* Ship to be unloaded in Benghazi
* Trucks bringing in date bars
(Updates with further WFP comment)
LONDON, March 9 (Reuters) - A ship carrying wheat flour arrived in the rebel-held Libyan port of Benghazi on Wednesday and trucks with more aid are due to reach the terminal in coming days, the World Food Programme (WFP) said. Earlier this month the United Nations agency said food stocks in Libya were depleted and supply chains disrupted due to fighting between government and rebel forces in the country.
“The vessel is being discharged in Benghazi and it is carrying 1,182 metric tonnes of wheat flour,” WFP spokeswoman Caroline Hurford said on Wednesday.
That equates to enough wheat to make about 2.5 million loaves of bread and the WFP said it could feed nearly 95,000 people for a month.
The ship was turned back from the port last week due to security concerns, the WFP said.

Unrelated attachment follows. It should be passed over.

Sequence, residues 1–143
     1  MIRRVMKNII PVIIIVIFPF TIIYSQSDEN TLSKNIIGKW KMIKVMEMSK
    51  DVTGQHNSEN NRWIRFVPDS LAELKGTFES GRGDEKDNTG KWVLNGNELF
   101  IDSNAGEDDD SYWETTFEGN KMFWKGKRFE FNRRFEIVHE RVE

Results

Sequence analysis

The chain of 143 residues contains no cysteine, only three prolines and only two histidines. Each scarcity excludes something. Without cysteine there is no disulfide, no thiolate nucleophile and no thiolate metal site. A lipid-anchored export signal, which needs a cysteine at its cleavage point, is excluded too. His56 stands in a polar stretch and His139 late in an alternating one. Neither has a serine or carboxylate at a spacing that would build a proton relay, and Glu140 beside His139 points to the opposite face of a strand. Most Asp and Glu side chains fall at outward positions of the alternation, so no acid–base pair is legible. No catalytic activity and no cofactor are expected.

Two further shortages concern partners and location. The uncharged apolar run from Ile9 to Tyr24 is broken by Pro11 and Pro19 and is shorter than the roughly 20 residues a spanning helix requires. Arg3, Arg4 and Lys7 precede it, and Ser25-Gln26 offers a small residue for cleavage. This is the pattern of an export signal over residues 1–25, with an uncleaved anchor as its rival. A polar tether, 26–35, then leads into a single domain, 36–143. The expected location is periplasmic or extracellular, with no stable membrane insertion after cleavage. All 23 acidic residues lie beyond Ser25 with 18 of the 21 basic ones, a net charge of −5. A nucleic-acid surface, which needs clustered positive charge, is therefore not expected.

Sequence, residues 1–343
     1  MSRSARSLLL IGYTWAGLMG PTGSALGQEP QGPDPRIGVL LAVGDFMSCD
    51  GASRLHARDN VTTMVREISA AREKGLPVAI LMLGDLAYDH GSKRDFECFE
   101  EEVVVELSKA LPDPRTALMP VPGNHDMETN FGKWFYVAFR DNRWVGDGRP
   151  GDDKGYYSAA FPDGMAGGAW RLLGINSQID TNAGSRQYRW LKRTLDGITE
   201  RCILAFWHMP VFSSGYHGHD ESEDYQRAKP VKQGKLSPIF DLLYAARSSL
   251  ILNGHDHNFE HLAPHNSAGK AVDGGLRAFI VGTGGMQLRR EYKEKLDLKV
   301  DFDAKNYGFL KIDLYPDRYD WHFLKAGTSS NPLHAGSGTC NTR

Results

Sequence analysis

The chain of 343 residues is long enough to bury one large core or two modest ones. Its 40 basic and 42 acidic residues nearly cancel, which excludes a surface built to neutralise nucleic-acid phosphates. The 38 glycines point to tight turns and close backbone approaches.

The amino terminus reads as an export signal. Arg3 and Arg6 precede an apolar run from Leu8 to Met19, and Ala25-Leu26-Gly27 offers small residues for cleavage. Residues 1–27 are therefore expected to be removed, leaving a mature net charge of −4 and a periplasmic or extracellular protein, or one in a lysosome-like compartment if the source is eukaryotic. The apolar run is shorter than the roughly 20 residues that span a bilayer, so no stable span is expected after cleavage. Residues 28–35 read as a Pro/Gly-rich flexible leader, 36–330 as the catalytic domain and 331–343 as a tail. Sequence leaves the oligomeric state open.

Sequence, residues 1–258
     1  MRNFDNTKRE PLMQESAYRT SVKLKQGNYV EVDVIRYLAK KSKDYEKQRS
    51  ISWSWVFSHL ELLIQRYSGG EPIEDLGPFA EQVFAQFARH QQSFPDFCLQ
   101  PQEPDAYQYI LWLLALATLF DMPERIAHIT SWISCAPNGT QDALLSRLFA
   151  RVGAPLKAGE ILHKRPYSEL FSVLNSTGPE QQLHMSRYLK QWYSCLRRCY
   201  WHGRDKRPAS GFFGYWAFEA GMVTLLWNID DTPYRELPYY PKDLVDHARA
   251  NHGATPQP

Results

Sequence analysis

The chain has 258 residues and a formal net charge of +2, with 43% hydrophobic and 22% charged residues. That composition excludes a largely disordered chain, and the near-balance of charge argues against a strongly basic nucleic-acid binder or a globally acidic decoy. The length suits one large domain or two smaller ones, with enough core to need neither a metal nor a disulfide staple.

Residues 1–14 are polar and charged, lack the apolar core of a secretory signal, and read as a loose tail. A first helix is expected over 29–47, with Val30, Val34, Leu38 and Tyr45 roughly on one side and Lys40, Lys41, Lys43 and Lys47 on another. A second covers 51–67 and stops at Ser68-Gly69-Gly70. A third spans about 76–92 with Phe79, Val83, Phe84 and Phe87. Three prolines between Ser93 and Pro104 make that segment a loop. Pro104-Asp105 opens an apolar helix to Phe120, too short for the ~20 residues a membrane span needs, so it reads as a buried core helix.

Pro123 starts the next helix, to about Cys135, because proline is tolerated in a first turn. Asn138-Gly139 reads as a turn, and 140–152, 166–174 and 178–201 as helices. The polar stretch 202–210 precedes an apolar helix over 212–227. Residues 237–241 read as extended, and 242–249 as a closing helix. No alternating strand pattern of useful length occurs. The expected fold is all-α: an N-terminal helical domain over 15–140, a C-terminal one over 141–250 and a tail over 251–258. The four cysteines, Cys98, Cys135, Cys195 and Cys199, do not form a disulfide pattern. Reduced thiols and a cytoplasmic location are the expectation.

Hurford said five trucks carrying 70 metric tonnes of fortified high-energy date bars, which crossed over from Egypt, were expected to arrive in Benghazi later in the day.
This would feed 5,000 people for a month, WFP said.
“Another convoy of five trucks carrying approximately the same amount of date bars has left Cairo for Benghazi,” she said.
“Tomorrow, another three trucks with more wheat flour are due to depart for Benghazi. So the food is clearly getting into Benghazi.”
Hurford said the aid cargoes will be the first deliveries of food assistance to enter into Libya by a UN agency.
Shipping sources said general cargo ports including Benghazi and the capital Tripoli, which is held by Libyan leader Muammar Gaddafi, were open. Key oil terminals in the east of the country have closed due to heavy fighting. U.N. aid coordinator Valerie Amos said on Monday fighting across Libya meant over a million people fleeing or inside the country needed humanitarian aid.
Hurford said apart from its activities in eastern Libya around Benghazi, the WFP was currently supporting over 40,000 people elsewhere — with 5,626 people on the Egyptian-Libyan Border and 37,000 people on the Tunisian-Libyan Border. (Reporting by Jonathan Saul; Editing by Sophie Hares)